Long-acting Anticholinergics and Beta Agonists for COPD
SOURCE: Calzetta L, Rogliani P, Matera MG, et al. A systematic review with meta-analysis of dual bronchodilation with LAMA/LABA for the treatment of stable COPD. Chest 2016;149:1181-1196.
There has been some suggestion that the bronchodilation afforded by anticholinergic agents, commonly referred to as long-acting antimuscarinic agents (LAMA, e.g., tiotropium, umeclidinium) is at least as good as that provided by long-acting beta-agonists (LABA, e.g., salmeterol, formoterol). Additionally, there does not appear to be any tachyphylaxis associated with LAMA as has been seen with LABA. Since most patients with COPD experience disease progression, pharmacologic augmentation is the rule rather than the exception. Only recently have LAMA/LABA combinations become available. Is LAMA + LABA really better than either alone? And if so, is there a best LAMA/LABA combination?
Calzetta et al performed a systematic review and meta-analysis of controlled trials (n = 23,168) that addressed LAMA/LABA combination treatment compared to individual component (LAMA or LABA) monotherapy. As measured by trough FEV1, dyspnea indices, and the St. George’s Respiratory Questionnaire scores, LAMA/LABA consistently outperformed either monotherapy. Although there are a variety of different LAMA/LABA combinations, no particular combination emerged as distinctly superior. Combining LAMA with LABA provides meaningfully better symptomatic improvement than either agent alone.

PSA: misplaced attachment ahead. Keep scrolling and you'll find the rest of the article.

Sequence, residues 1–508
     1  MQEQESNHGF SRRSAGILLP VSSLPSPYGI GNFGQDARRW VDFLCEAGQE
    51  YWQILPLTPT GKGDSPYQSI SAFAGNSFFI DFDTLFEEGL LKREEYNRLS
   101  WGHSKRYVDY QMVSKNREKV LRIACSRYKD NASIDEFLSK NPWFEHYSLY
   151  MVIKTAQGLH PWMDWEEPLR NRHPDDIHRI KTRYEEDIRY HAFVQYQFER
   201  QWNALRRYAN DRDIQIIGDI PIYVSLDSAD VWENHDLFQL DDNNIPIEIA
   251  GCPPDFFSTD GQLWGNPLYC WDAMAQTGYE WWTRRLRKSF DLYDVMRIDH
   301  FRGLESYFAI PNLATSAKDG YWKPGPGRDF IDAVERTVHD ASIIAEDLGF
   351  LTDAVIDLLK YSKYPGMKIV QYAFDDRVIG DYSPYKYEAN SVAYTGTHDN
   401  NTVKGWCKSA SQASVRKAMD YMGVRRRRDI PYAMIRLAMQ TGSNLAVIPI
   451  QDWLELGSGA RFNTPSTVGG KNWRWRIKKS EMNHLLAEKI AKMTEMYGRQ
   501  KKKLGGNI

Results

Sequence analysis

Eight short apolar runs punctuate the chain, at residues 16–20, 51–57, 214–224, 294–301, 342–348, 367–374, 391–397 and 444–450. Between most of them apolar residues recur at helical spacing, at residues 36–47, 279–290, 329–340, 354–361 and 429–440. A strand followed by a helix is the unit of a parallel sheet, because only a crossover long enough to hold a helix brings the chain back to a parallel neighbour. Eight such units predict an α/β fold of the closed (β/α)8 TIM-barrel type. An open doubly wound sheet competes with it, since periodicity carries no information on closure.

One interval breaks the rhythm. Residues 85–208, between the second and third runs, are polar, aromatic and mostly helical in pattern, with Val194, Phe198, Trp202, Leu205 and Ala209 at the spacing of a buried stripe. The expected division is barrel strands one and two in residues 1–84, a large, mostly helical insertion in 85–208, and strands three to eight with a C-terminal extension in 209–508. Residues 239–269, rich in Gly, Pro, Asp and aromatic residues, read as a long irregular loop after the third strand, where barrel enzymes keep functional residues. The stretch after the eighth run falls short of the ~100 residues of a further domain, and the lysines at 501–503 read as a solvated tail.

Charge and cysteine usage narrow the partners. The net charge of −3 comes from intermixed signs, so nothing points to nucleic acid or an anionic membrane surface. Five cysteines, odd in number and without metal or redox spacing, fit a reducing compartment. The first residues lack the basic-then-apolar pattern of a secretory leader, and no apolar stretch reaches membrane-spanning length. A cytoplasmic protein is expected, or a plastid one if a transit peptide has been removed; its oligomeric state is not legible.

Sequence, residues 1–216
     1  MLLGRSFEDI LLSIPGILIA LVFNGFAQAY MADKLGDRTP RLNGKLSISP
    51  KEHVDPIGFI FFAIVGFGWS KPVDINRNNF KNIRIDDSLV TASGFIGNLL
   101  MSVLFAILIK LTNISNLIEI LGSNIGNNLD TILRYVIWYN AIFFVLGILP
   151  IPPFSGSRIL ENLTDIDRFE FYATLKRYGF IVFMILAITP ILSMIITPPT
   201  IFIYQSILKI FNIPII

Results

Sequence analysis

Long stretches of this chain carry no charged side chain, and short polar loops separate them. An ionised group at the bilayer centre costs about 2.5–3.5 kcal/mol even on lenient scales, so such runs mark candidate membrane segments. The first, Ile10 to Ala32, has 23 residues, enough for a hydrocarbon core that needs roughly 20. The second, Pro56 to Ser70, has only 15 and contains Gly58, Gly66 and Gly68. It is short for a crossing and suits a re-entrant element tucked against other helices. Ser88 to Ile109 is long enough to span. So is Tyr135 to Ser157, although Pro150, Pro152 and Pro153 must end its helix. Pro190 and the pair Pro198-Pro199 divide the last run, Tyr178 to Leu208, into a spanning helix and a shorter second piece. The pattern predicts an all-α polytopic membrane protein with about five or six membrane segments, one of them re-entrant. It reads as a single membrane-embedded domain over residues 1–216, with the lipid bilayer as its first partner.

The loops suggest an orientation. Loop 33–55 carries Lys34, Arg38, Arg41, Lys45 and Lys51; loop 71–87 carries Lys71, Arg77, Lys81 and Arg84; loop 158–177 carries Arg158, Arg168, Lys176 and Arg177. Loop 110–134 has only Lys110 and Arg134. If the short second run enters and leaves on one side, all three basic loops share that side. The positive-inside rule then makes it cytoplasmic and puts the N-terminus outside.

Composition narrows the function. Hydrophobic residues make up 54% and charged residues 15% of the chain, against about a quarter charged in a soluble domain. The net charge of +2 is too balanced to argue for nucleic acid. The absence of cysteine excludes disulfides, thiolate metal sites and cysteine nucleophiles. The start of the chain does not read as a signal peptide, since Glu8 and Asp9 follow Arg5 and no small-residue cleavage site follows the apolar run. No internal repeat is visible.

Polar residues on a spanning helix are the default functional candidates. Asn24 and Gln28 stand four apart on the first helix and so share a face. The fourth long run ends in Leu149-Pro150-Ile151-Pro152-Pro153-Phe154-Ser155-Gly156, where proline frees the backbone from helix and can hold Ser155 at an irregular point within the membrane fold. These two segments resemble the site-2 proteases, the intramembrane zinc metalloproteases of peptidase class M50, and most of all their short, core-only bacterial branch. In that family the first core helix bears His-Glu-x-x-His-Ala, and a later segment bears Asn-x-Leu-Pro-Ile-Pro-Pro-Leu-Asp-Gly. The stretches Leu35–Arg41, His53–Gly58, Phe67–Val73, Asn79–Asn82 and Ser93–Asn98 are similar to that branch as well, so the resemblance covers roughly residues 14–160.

Combining long-acting antimuscarinic agents with long-acting beta-agonists provides meaningfully better symptomatic improvement than either agent alone.
Subscribe Now for Access
You have reached your article limit for the month. We hope you found our articles both enjoyable and insightful. For information on new subscriptions, product trials, alternative billing arrangements or group and site discounts please call 800-688-2421. We look forward to having you as a long-term member of the Relias Media community.